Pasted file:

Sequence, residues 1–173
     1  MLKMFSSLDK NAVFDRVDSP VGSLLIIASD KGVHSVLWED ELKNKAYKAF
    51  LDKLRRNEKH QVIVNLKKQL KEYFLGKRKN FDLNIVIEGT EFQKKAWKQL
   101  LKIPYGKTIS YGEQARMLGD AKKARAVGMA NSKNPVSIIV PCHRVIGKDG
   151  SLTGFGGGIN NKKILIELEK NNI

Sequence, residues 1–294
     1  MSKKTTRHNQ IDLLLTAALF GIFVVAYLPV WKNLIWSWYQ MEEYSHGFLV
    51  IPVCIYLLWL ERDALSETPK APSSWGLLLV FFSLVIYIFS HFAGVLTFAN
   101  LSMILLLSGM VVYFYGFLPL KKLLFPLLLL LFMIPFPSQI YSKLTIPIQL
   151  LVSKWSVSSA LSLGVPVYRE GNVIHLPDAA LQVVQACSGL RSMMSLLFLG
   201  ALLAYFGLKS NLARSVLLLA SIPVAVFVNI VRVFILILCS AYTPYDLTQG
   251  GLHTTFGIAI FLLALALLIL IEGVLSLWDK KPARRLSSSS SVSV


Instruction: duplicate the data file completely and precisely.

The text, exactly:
Sequence, residues 1–173
     1  MLKMFSSLDK NAVFDRVDSP VGSLLIIASD KGVHSVLWED ELKNKAYKAF
    51  LDKLRRNEKH QVIVNLKKQL KEYFLGKRKN FDLNIVIEGT EFQKKAWKQL
   101  LKIPYGKTIS YGEQARMLGD AKKARAVGMA NSKNPVSIIV PCHRVIGKDG
   151  SLTGFGGGIN NKKILIELEK NNI

Sequence, residues 1–294
     1  MSKKTTRHNQ IDLLLTAALF GIFVVAYLPV WKNLIWSWYQ MEEYSHGFLV
    51  IPVCIYLLWL ERDALSETPK APSSWGLLLV FFSLVIYIFS HFAGVLTFAN
   101  LSMILLLSGM VVYFYGFLPL KKLLFPLLLL LFMIPFPSQI YSKLTIPIQL
   151  LVSKWSVSSA LSLGVPVYRE GNVIHLPDAA LQVVQACSGL RSMMSLLFLG
   201  ALLAYFGLKS NLARSVLLLA SIPVAVFVNI VRVFILILCS AYTPYDLTQG
   251  GLHTTFGIAI FLLALALLIL IEGVLSLWDK KPARRLSSSS SVSV